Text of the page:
For a few months now, the FM world has been abuzz with the announcement that SILA has acquired Forbes Facility Services. In an exclusive joint interview, Rushabh Vora, Co-Founder & CEO, SILA and Vinay Deshmukh, CEO, Forbes Facility Services spoke to Mrigank Warrier, Assistant Editor, Clean India Journal about what prompted the acquisition, how the two companies will synergise, how this will influence existing and future clients, and how they will co-exist.
What was the impetus behind SILA looking to acquire other facility management companies?
Vora: Soon after we started the business in 2010, we realized the importance of creating operating leverage and cash conversion if we were to succeed given the market dynamics, margins, pricing, and structure of contracts. Hence, we focused on building technology and systems that enable us to extract the potential gains that arise from scale. Acquisitions allow us to scale faster and create the operating leverage that is required for a low/mid margin business like this to succeed in the long run.
We are fortunate to have a strong investor in Norwest Venture Partners, that believes in our team and our ability to bolt-on high quality companies, such as Forbes Facility Services (now FFS), onto our platform.
It’s early in the journey; however, the deal has already been accretive for us, and we continue to look for more companies to invest in and partner with over the course of the next few years.
” Both the companies will continue to run independently; the business and P&L will stay separate. SILA will add Food Services (via FFS) to its service offerings, and FFS will adopt best-in-class technology at its clients’ premises to enable increased efficiencies in service delivery.” – Rushabh Vora
What made Forbes Facility Services (FFS) the ideal organisation to acquire?
Vora: While evaluating a potential partner or acquisition, we typically assess the following – (i) the quality of the management team and the culture, (ii) the level of corporate governance, (iii) the quality of client contracts. FFS exceeded our expectations on all three fronts. We then use our technology to try and create operating leverage.
Vinay has built a super business. High on ethics and values, which is in line with our ethos at SILA. Furthermore, FFS is probably the leading organised player in the manufacturing/industrial facility management space, which is a key focus area for us too. The company also adds industrial food services to our group’s service offerings.
Going forward, how will the strengths of the two organisations synergise?
Deshmukh: This will be a very complementary relationship when it comes to business segments and geographies. We will use each other’s strengths to build our capabilities together. For example, SILA has a very robust Technology Platform and well-rounded ESG strategy, which we would like to capitalise on. FFS also provides Food services, which can be offered to the customers of SILA.
Vora: There are multiple synergies that arise from an acquisition of this nature. We have identified areas of strengths and improvement areas for both the entities. The companies will learn from one another’s strengths and use a common technology platform to drive financial and operational synergies.
Additionally, with this deal, we have an additional 5,500 employees of FFS that can benefit from our foundation, which is called the SILA for Change Foundation, aimed at providing educational opportunities for all our frontline employees.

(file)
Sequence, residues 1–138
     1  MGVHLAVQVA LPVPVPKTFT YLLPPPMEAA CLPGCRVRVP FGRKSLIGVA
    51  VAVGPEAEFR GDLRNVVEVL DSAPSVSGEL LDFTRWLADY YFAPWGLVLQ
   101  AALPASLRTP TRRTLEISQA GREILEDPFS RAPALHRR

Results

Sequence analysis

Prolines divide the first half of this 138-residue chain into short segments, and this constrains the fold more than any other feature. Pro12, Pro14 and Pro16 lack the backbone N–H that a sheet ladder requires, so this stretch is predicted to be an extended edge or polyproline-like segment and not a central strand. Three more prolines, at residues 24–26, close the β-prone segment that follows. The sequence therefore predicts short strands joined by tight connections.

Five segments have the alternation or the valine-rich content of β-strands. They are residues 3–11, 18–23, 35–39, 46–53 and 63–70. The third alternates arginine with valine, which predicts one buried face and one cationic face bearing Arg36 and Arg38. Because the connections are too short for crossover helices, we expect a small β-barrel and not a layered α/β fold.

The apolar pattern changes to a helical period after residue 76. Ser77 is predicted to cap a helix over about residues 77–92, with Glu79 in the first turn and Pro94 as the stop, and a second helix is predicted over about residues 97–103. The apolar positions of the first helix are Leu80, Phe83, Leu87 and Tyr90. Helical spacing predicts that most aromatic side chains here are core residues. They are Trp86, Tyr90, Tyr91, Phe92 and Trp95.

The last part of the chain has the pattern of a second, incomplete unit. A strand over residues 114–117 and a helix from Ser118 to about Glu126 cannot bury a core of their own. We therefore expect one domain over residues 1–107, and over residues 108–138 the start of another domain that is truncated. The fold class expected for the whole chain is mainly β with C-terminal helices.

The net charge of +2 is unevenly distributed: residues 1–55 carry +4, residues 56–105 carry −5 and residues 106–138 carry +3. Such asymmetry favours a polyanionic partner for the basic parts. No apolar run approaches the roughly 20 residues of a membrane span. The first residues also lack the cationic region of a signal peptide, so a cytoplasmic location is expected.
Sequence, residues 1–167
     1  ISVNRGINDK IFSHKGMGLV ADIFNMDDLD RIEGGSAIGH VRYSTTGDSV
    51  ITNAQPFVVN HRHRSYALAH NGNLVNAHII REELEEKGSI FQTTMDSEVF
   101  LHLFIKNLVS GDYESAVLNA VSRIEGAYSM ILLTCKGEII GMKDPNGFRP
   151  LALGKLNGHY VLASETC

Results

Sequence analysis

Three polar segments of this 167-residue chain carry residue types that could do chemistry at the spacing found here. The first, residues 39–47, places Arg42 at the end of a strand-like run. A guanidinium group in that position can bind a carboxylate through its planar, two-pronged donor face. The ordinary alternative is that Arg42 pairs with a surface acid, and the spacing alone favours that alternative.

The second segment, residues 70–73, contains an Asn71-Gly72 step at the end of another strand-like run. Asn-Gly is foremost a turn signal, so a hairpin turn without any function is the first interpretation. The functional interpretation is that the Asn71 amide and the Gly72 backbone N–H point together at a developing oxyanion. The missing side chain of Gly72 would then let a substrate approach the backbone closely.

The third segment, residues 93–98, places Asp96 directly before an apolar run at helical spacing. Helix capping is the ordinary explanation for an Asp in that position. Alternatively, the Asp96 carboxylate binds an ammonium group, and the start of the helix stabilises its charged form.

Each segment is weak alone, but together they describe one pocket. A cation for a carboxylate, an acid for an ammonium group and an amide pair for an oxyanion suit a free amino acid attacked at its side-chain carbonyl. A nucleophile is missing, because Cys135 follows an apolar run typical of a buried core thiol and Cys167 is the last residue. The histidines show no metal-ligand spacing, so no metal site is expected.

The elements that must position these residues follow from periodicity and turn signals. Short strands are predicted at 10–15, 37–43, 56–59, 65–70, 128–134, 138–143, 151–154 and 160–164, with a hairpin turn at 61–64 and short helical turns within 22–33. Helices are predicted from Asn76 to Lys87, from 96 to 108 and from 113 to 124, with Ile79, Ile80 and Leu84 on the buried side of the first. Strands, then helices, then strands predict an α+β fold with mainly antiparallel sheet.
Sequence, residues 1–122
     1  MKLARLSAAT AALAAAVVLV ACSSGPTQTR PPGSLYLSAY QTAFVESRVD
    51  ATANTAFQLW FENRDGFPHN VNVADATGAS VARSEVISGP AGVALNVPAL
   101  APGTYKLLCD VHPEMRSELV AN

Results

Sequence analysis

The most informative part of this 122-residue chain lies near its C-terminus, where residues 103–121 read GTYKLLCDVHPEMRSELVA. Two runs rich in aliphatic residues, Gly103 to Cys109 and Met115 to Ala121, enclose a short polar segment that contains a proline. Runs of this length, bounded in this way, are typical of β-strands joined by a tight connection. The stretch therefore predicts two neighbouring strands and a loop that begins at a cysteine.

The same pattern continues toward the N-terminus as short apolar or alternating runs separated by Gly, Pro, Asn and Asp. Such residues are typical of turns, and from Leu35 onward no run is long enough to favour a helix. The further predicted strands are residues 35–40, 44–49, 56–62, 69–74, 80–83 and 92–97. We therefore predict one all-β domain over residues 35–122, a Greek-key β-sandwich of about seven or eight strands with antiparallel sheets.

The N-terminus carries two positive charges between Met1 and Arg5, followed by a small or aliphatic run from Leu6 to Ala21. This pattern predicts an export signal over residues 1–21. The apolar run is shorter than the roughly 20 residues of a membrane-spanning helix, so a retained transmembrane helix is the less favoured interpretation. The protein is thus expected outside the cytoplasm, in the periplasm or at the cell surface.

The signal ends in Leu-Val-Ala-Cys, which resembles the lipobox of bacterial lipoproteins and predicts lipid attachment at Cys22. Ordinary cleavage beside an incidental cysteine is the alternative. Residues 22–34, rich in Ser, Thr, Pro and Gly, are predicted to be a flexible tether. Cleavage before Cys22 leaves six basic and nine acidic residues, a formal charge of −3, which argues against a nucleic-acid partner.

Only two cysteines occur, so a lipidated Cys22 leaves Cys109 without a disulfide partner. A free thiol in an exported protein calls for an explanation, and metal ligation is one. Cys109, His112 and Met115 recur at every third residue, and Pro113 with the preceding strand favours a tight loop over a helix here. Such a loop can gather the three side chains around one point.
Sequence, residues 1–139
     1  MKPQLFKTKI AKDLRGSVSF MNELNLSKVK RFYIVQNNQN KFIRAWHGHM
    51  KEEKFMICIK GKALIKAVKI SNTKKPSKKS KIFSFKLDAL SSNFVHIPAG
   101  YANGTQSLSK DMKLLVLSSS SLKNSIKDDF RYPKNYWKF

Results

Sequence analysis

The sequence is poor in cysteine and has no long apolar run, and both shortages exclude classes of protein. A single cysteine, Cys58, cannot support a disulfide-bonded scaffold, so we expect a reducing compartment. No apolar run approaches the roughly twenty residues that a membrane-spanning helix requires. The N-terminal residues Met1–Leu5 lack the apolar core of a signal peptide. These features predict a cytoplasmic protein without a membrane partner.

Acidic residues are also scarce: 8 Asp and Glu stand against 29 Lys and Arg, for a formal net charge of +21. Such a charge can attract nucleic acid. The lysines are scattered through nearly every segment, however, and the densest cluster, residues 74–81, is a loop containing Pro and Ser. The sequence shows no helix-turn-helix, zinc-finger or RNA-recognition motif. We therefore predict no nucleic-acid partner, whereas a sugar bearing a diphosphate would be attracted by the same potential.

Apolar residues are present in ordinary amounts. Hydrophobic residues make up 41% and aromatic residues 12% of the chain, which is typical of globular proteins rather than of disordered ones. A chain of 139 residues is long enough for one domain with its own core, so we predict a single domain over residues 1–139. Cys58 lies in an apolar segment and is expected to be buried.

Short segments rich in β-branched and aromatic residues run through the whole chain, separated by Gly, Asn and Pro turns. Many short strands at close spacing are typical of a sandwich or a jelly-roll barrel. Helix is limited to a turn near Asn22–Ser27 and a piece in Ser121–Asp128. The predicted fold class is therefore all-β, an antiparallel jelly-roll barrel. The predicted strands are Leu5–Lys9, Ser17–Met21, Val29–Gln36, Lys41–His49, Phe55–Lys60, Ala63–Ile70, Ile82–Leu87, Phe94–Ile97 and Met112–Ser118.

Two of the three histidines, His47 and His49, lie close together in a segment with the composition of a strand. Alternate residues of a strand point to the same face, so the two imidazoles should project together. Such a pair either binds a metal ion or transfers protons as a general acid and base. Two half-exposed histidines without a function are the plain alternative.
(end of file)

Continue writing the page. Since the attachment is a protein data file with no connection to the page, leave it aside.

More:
We are focused on continuing to grow sustainability; this acquisition will help us improve our EBITDA growth rate as operating leverage starts to set in.
“We will use each other’s strengths to build our capabilities together. For example, SILA has a very robust Technology Platform and well-rounded ESG strategy, which we would like to capitalise on. FFS also provides Food services, which can be offered to the customers of SILA.” – Vinay Deshmukh
How does the acquisition affect business strategy and operations?
Vora: The business strategy for both companies does not change. Both the companies will continue to run independently; the business and P&L will stay separate. SILA will add Food Services (via FFS) to its service offerings, and FFS will adopt best-in-class technology at its clients’ premises to enable increased efficiencies in service delivery.
Both can compete for the same customer, or bid for a single customer together, and extract synergies at the bottom line; this will differ from customer to customer.
What market segments will both companies target in the near future?
Deshmukh: We are looking to broaden our reach in the industrial and off-shore segment. However, SILA also has a strong presence in commercial complexes and malls; they can help us generate leads in this sector, where we don’t have a presence. FFS’s presence in segments such as Food, Pharma, Education and Industries would help strengthen the presence, abilities for remote site management and to attract and retain talent.
Vora: SILA will continue to grow its business in the Commercial, IT, Malls, Airports and High-End Residential space. Forbes will continue to deepen its presence within the industrial belt, warehousing, logistics, offshore facilities etc.
As a group, we have become one of India’s largest service providers for the industrial sector.
What is the one trait that you liked most in the other company?
Vora: At SILA, we are a young team with a lot to learn. There are a lot of aspects that we like about the FFS team; picking one is tough. Their discipline, the quality of customers and the ability to remain process-driven is admirable. We have a lot to learn.
Deshmukh: There is so much we like about SILA as an organisation. If I had to pick one thing, it would be how customer-oriented they are, be it in lead generation, operations, or anything else. This is a major strength and is something we’d really like to emulate.